NEW YORK (AFP) - Bjork has become the latest among the rare number of pop stars to refuse to stream an album, saying it was a matter of "respect" for artists.
Bjork in January suddenly put on sale a digital version of Vulnicura, a lush and emotionally intense work about the end of her long relationship with artist Matthew Barney, after the album leaked online.
But the Icelandic singer said she had no plans to put out Vulnicura, which had been due for release in March, on streaming sites such as Spotify.
Bjork said in an interview that it felt "insane" to "work on something for two or three years and then just, oh, here it is for free."
"It's not about the money; it's about respect, you know? Respect for the craft and the amount of work you put into it," she told the business publication Fast Company.
Bjork said that a better model may be to set a waiting period between albums' release and streaming. She cited as a potential model how streaming service Netflix handles major movies.
Despite Bjork's unease, the vast majority of her discography both as a solo artist and with her former band The Sugarcubes is available on Spotify and rivals such as Google Play.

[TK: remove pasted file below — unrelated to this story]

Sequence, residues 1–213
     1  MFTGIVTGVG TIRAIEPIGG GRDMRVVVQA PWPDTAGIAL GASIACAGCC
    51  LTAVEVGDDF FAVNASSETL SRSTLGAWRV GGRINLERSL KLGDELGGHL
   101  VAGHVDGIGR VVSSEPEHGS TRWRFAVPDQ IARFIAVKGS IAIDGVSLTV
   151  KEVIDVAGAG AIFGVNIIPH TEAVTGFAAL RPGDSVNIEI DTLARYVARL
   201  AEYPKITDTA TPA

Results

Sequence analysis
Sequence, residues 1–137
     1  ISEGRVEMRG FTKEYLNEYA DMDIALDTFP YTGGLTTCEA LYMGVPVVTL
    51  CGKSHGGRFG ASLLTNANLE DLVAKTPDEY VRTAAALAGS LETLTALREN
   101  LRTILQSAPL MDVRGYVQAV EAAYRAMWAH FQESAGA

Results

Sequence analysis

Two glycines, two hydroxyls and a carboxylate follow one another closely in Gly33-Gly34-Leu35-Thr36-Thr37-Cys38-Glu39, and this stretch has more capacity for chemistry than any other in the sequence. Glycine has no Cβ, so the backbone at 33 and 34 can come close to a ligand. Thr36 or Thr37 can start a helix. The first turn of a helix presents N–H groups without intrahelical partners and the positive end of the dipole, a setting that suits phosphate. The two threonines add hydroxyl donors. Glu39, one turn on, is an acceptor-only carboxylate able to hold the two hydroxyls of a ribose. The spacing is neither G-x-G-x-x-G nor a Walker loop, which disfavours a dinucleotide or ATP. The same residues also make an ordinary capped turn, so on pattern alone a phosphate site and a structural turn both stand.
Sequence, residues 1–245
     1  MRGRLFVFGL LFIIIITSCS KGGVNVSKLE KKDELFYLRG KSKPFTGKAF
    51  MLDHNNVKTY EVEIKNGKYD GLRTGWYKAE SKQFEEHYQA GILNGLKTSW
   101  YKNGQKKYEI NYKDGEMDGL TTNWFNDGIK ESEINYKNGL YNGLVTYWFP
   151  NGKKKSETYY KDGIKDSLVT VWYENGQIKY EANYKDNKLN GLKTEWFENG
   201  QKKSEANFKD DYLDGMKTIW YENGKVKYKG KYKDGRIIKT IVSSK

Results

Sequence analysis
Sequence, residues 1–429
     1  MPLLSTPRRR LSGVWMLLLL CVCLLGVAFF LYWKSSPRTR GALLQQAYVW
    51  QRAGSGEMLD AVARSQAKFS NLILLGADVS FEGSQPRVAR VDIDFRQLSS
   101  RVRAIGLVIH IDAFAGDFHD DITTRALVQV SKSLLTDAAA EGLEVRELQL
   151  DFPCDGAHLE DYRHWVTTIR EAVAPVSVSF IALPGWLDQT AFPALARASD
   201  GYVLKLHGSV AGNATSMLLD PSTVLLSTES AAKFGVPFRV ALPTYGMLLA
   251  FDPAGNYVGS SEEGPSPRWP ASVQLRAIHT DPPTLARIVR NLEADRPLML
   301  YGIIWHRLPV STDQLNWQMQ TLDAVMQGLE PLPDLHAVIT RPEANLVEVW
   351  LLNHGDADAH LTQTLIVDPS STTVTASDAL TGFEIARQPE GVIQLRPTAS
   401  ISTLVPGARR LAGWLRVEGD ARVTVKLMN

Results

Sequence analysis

Pop superstar Taylor Swift is the most prominent critic of Spotify. She pulled her catalog off the Swedish-founded site last year, saying that streaming was unfair to artists.
Spotify - which has both free and premium services - responded that it has provided US$2 billion (S$2.7 billion) back to the music industry and offered a rare source of growth in a troubled business.
Bjork and Swift are both dominant forces in independent record companies, but most labels allow immediate streaming of albums.
Led Zeppelin, one longtime holdout, agreed in late 2013 to stream exclusively with Spotify but this week the British hard rock legends' music also began to appear on rivals such as Paris-based Deezer.